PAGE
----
More than 4,000 Americans die each year in fires and approximately
20,000 are injured. An overwhelming number of fires occur in the home. There
are time-tested ways to prevent and survive a fire. It's not a question of
luck. It's a matter of planning ahead.
Every Home Should Have at Least One Working Smoke Alarm
Buy a smoke alarm at any hardware or discount store. It's inexpensive protection
for you and your family. Install a smoke alarm on every level of your home.
A working smoke alarm can double your chances of survival. Test it monthly,
keep it free of dust and replace the battery at least once a year. Smoke alarms
themselves should be replaced after ten years of service, or as recommended
by the manufacturer.
Prevent Electrical Fires
Never overload circuits or extension cords. Do not place cords and wires under
rugs, over nails or in high traffic areas. Immediately shut off and unplug
appliances that sputter, spark or emit an unusual smell. Have them professionally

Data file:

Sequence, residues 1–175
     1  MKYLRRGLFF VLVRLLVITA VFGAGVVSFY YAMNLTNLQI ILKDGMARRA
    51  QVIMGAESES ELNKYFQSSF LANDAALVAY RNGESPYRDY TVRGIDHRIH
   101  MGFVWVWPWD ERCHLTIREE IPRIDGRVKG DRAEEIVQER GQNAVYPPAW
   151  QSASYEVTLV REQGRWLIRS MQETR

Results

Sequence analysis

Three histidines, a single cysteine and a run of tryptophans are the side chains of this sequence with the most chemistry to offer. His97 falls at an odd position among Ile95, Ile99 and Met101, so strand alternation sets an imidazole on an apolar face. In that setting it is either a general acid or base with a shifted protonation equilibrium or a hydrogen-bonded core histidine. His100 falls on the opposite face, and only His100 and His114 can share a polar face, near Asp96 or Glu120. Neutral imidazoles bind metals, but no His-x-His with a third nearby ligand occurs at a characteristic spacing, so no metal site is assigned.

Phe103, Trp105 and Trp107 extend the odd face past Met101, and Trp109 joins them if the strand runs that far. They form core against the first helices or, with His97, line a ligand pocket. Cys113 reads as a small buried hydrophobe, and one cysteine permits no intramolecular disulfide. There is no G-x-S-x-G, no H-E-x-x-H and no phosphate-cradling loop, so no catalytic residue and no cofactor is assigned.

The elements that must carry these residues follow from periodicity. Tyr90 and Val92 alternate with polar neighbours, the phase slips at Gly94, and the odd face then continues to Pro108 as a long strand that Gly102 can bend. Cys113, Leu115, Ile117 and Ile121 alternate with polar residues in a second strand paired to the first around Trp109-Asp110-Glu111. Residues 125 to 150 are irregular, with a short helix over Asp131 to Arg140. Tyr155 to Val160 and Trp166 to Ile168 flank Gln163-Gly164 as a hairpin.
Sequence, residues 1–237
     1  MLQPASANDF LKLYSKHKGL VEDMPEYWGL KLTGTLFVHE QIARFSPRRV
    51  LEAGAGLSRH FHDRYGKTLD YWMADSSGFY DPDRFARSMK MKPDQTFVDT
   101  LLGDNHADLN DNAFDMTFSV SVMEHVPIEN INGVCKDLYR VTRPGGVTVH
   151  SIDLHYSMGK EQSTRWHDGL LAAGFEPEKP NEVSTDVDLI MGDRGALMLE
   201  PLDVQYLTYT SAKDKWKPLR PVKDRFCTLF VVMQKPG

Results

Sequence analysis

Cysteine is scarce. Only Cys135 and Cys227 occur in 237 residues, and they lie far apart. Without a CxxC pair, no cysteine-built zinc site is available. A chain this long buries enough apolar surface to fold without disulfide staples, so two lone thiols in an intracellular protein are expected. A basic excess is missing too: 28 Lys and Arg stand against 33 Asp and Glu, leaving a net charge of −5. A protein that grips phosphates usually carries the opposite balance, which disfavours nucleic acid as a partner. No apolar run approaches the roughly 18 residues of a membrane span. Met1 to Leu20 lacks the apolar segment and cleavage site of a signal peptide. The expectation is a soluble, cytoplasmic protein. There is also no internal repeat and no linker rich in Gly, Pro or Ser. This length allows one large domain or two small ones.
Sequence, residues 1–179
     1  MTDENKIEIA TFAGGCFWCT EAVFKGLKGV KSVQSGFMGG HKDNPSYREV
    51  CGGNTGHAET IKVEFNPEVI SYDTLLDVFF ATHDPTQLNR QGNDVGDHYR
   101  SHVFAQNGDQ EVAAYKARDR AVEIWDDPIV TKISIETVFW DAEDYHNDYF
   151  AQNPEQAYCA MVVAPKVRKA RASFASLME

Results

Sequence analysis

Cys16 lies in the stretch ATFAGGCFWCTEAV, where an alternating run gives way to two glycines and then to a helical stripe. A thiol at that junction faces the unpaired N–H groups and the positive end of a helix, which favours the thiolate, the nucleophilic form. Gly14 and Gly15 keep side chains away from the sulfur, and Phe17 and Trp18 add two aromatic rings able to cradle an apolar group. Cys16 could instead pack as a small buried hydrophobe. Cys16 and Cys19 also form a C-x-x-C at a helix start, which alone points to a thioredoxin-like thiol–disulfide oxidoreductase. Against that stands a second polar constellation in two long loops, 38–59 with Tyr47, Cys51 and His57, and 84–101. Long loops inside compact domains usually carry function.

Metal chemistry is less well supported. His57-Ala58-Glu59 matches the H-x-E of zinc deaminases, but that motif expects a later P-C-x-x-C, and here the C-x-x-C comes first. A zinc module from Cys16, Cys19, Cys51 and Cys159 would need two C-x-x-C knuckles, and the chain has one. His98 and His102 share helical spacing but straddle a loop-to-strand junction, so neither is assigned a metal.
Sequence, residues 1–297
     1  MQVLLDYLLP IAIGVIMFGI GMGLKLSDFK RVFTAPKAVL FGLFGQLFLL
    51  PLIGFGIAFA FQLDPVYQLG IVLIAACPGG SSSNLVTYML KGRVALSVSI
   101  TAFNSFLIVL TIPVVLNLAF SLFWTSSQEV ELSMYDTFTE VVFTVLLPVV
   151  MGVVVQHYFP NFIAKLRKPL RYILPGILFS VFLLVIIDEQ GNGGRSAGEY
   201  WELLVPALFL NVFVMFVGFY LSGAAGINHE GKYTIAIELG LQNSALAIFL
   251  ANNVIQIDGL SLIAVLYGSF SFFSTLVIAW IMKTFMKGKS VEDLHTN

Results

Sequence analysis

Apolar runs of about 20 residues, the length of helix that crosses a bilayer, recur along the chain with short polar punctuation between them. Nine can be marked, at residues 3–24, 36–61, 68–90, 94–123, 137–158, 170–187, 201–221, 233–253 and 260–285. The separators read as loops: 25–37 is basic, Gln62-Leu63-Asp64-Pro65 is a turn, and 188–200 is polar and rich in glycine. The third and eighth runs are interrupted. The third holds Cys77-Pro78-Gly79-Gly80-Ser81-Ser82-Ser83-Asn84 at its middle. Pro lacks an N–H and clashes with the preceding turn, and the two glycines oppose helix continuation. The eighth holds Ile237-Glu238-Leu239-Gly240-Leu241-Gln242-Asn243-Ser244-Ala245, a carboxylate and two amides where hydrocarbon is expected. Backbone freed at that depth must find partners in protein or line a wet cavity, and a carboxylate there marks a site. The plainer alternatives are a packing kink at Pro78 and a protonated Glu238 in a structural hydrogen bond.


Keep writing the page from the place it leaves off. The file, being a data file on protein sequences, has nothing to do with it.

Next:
repaired or replaced.
Use Appliances Wisely
When using appliances follow the manufacturer's safety precautions. Overheating,
unusual smells, shorts and sparks are all warning signs that appliances need
to be shut off, then replaced or repaired. Unplug appliances when not in use.
Use safety caps to cover all unused outlets, especially if there are small
children in the home.
- Portable heaters need their space. Keep anything combustible at least three
- Keep fire in the fireplace. Use fire screens and have your chimney cleaned
annually. The creosote buildup can ignite a chimney fire that could easily
- Kerosene heaters should be used only where approved by authorities. Never
use gasoline or camp-stove fuel. Refuel outside and only after the heater
Affordable Home Fire Safety Sprinklers
When home fire sprinklers are used with working smoke alarms, your chances
of surviving a fire are greatly increased. Sprinklers are affordable - they
can increase property value and lower insurance rates.
Plan Your Escape
Practice an escape plan from every room in the house. Caution everyone to
stay low to the floor when escaping from fire and never to open doors that
are hot. Select a location where everyone can meet after escaping the house.
Get out then call for help.
Caring for Children
Children under five are naturally curious about fire. Many play with matches
and lighters. Tragically, children set over 20,000 house fires every year.
Take the mystery out of fire play by teaching your children that fire is a
tool, not a toy.
Caring for Older People
Every year over 1,200 senior citizens die in fires. Many of these fire deaths
could have been prevented. Seniors are especially vulnerable because many live
alone and can't respond quickly.